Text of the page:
The China-Pakistan Economic Corridor (CPEC) is moving through a hilly path. First, Islamabad recently decided to take the USD 14bn investment in the Daimer-Bhasha dam out of the CPEC and announced it will ensure the financing by its own means, i.e. giving up the Chinese involvement in this touchy project located in Pakistani-controlled Kashmir. The official explanation put forward by Islamabad would refer to too harsh financing conditions from Chinese groups. Secondly, in early December, the Chinese embassy warned its 30,000 nationals based in Pakistan of increasing threats of terrorist attacks against them. A few low-key attacks have hit Chinese nationals earlier this year.

Impact on country risk

The CPEC is a major strategic and economic piece of China’s OBOR (One Belt, One Road) initiative. Recent events have highlighted the risks OBOR is likely to be confronted with in the future. At a security level, the CPEC goes through the Balochistan region and is a target for attacks by Baloch and Sindhi separatists, IS militants and Pakistani Taliban. Until now, their capabilities remain limited but they might grow in the medium term. The security warning is probably intended for Islamabad in order to flesh out its already strong 15,000 security forces around the CPEC. Also, the latter faces external opposition, chiefly from India which is suspicious about the Chinese presence in Pakistan, particularly in Gwadar, near the Indian Ocean.

At the economic level, financial sustainability of some projects and their impact on the domestic economy can be questioned. Although the CPEC drives the acceleration of real GDP growth and will contribute to addressing Pakistan’s wide infrastructure and energy bottlenecks, it also leads to a fast deepening of the current account deficit (via heightened imports), a decline in foreign exchange reserves (-21% since the end of 2016), depreciation pressures on the rupee (-4% against the USD in the past days), and it fuels external debt. The CPEC’s resulting rising economic imbalances might thus become unpopular and politically troublesome as they might force Pakistan to request an unpopular IMF programme again, preferably after the summer 2018 general elections.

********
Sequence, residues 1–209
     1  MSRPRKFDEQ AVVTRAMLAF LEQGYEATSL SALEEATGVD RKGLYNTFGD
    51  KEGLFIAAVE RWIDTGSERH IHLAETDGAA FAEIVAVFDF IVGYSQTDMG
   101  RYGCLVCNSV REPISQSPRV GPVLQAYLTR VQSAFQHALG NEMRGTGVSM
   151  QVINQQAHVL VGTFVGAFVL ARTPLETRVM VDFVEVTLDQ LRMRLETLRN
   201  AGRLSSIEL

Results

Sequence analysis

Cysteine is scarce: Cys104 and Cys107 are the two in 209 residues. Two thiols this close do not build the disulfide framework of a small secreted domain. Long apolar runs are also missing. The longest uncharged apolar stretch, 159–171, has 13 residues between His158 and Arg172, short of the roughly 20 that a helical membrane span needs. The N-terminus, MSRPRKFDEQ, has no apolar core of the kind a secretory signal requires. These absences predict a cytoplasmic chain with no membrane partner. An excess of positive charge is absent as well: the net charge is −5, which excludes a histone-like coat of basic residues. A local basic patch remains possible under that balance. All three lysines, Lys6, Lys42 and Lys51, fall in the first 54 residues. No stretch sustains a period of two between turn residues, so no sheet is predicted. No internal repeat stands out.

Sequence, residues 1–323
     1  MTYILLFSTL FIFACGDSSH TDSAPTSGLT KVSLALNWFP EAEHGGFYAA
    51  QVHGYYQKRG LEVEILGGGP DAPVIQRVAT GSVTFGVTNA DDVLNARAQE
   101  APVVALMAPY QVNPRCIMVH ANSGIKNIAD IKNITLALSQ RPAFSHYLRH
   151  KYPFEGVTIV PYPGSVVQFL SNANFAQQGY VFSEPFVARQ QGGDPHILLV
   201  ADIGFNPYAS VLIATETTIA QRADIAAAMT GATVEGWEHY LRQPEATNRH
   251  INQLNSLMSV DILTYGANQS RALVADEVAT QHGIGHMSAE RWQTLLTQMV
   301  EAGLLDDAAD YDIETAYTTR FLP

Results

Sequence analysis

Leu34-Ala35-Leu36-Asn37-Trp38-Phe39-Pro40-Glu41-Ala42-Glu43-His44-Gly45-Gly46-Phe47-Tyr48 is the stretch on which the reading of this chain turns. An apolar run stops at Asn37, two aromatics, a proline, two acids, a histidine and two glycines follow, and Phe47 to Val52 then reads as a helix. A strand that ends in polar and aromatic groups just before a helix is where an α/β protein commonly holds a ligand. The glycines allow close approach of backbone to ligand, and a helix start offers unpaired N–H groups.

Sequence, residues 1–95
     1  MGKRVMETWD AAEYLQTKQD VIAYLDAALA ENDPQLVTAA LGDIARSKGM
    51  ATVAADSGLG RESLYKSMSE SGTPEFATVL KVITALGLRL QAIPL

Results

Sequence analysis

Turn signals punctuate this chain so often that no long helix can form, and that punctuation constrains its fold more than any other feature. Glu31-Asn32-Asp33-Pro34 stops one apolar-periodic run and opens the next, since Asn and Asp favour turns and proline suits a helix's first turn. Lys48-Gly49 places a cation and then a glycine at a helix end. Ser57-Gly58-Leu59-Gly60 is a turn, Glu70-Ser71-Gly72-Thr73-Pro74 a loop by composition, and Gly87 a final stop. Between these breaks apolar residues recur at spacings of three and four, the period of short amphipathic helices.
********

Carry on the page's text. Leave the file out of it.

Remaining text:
Despite the latest setback that might be followed by others to preserve macroeconomic stability, the CPEC will remain a top economic project (USD 62bn committed by China) for both governments and will keep their ties tight. Nevertheless, managing security and economic costs will be a challenging goal for a ruling government which has to navigate through the mounting influence of Islamist parties under the alleged army support as the latter aims to weaken the ruling PML-N Party to get more influence. Therefore, in the run-up to the 2018 elections the current civilian government is uncertain to win, political risks are expected to increase on the back of potentially more political violence and deteriorating economic fundamentals.

Analyst: Raphaël Cecchi – r.cecchi@credendo.com